Site:                Ericsson Radio Systems AB
                      Torshamnsgatan 21-23
                      164 80 Stockholm
                      Sweden

Date Visited:  26 April 1999

WTEC Attendees: N. Moayeri (report author), A. Ephremides, M. Iskander, R. Rao, W. Stark, J. Winters, L. Young

Hosts:            Soren Anderson, Manager, Antenna Systems and Propagation Research, Ericsson Research, Corporate Unit
                     Hakan Eriksson, Vice President and Gen. Manager, Ericsson Research, Corporate Unit
                     Hakan Eriksson, Manager, Radio Access Research, Terminals
                     Ulf Forssen, Director, System and Technology, Business & Product Line Management TDMA Systems
                     Bjorn Gudmundson, Research Director, Radio Systems
                     Bo Hedberg, Senior Expert, Radio Technology Research
                     Johan Skold, Expert, Digital Radio Access in Cellular Systems, Radio Access and Antenna Systems Research
                     Anders Khullar, Ericsson, Lund

BACKGROUND

The panel visited the Radio Systems division of Ericsson, where most of the R&D work related to wireless communications is carried out. Ericsson, however, is much more than this and is active in many other areas of electrical engineering and information technology. The most important and active area of wireless communications from a commercial point of view, as the 21st century approaches, is the development of 3G wireless communication systems. The International Telecommunication Union (ITU) is vigorously pursuing the development of the International Mobile Telecommunication 2000 (IMT-2000) standard for 3G wireless systems, which it intended to complete by the end of 1999.

Ericsson is a powerful voice and a major player within the European Telecommunication Standards Institute (ETSI), which is the sponsor of the W-CDMA proposal for the IMT-2000 standard. Ericsson has had the largest share and contribution in the development of Bluetooth, which is a short radio for wireless LAN type applications in the 2.4 GHz ISM band. To be more precise, Bluetooth is a cable replacement device that connects all personal computing and communications devices to each other in a wireless fashion. In fact, it is to be used even in future home appliances if all goes well with its development by Ericsson, IBM, Intel, Nokia, and Toshiba.

The first presentation was given by Hakan Eriksson, Vice President and General Manager of Ericsson Research, about the areas Ericsson is involved with and some facts about research in areas of high technology in Sweden. He said that universities are now more involved in industrial research in Sweden. They work closely with Ericsson. He then talked about the distinctions between 3G and 4G wireless systems. In case of 3G wireless, the spectrum had been clearly specified from the outset. It is much harder to define 4G wireless, because the spectrum has not been defined. He showed a slide of different wireless systems on a bit rate vs. mobility (fixed, local area, wide area) plane. He talked about three scenarios for voice-over IP.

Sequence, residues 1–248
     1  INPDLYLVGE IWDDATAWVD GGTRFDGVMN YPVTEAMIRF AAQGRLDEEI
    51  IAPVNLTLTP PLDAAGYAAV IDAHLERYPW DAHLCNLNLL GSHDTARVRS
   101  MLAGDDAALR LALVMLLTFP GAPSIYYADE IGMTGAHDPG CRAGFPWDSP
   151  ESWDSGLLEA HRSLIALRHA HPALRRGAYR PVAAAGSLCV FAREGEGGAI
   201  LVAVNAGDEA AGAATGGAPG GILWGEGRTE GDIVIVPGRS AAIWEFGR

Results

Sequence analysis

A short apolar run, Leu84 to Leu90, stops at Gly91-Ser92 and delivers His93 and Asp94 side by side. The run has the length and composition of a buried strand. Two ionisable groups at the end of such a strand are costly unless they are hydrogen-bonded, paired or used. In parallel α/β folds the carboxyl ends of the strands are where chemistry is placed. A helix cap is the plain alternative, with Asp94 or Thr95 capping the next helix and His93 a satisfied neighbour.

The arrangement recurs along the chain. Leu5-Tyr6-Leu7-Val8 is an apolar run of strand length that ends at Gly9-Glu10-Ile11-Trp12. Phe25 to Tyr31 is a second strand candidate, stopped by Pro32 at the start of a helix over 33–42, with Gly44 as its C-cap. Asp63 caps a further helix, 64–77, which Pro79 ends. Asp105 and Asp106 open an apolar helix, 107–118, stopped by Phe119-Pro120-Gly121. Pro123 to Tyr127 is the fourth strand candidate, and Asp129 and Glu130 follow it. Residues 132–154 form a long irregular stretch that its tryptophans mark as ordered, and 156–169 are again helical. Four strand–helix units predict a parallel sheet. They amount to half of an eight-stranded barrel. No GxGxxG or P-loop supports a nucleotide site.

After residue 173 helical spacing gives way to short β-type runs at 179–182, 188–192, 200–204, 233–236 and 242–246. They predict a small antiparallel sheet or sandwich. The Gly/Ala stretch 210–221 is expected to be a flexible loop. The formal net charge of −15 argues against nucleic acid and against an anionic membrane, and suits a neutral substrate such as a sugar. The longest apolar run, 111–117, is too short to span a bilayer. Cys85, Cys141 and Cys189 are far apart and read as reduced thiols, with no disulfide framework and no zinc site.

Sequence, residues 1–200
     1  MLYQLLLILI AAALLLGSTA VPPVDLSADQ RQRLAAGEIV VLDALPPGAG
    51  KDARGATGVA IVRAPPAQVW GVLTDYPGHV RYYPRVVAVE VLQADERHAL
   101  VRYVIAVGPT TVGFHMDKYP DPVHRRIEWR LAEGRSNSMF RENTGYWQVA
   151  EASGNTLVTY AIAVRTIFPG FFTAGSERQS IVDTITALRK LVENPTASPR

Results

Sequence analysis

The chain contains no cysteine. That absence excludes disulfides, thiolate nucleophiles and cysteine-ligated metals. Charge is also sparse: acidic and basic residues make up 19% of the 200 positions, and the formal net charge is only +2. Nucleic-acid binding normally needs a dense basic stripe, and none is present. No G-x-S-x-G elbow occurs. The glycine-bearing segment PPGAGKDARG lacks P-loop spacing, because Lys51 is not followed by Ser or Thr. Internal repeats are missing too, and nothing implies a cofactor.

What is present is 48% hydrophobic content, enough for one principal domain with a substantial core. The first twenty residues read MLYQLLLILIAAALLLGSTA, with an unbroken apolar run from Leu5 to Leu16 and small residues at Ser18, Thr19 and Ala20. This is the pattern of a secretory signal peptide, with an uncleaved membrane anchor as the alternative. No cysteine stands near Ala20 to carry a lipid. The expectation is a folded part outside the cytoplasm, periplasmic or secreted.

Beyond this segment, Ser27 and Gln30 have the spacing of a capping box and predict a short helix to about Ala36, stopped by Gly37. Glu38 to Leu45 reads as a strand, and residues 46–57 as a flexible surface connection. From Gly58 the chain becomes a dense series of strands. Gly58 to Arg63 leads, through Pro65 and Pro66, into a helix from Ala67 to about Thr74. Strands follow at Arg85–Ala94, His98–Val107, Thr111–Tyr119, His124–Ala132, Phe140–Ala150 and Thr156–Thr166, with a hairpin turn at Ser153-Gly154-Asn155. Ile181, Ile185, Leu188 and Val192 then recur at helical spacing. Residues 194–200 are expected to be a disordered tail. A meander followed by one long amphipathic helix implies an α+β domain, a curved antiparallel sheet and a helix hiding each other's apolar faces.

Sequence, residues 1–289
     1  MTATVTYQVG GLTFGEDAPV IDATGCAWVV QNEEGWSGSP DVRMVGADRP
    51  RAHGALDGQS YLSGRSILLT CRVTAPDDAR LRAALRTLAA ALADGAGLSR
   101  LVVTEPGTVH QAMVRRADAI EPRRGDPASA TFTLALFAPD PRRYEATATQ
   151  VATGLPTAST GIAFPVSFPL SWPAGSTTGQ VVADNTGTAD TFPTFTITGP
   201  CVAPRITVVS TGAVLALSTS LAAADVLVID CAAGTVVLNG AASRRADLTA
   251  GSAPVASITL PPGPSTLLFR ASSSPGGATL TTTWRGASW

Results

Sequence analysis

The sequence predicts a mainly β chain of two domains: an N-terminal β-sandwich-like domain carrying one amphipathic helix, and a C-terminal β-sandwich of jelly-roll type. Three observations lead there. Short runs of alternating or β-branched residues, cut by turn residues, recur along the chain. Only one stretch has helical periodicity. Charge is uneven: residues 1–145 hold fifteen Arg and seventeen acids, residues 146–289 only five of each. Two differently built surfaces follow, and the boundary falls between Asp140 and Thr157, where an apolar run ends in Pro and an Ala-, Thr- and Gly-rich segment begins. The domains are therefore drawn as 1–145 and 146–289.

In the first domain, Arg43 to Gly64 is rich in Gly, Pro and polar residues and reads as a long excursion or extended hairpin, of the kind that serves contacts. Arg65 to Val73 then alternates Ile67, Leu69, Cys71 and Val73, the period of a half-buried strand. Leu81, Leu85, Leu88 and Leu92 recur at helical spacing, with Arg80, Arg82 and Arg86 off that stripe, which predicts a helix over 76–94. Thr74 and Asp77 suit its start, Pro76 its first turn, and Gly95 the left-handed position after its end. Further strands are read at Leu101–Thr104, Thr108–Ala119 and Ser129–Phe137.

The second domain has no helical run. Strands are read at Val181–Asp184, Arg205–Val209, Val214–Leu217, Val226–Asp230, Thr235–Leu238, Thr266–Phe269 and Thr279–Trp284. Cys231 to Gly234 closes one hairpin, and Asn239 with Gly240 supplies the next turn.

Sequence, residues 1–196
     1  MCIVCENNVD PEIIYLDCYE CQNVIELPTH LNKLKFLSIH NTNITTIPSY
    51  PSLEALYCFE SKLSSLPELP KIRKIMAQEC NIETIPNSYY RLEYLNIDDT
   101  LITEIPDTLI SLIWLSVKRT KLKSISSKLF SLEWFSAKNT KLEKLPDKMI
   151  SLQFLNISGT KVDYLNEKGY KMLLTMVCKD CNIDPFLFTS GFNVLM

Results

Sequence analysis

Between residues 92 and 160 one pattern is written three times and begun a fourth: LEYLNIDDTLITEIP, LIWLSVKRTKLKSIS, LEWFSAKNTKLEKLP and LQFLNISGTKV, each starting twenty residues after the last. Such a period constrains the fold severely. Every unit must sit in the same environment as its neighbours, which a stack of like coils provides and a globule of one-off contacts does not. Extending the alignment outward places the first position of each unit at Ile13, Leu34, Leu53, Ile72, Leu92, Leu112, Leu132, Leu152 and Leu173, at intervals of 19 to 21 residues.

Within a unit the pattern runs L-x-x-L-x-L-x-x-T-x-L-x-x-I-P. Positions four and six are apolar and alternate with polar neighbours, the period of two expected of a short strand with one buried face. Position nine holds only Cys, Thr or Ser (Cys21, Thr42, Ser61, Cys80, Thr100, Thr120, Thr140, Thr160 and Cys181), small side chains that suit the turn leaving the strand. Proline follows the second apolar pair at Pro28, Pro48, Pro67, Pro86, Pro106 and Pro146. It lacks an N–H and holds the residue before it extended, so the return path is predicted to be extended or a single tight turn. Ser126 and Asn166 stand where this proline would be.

The first scenario is what we have today. He also compared several scenarios (cases of sending various types of data) in traditional ways and over a wireless network. He showed that wireless made more sense than the traditional ways in a number of cases, i.e., it was cheaper, at least with the present pricing structure we have today. He also showed that for email, wireless is a lot better, but for images and video, traditional ways are still better. He stated that it would be very unlikely that people would watch video on a small pocket-sized terminal. However, such terminals would be good for voice, email, postcards, and music.

Bjorn Gudmundson explained that research at Ericsson has a shorter horizon than the 10 years that WTEC study team member Tony Ephremides mentioned in his talk. Gudmundson added that the Ericsson staff present at the meeting all worked on radio aspects, and that they would not be the best people to answer network-related questions such as whether ATM or IP was the best alternative for sending voice and some other types of data over the network. There are some experts in those areas at Ericsson, but they were not present at the meeting. Regarding ACTS, FRAMES, and other such programs administered by the EC, Gudmundson said that he believed that those programs were not very efficient, as there is a lot of paperwork and overhead. On the positive side, these programs represent a framework for industry to work closer with universities all over Europe. But then Ericsson has had good informal relationships with the universities for many years.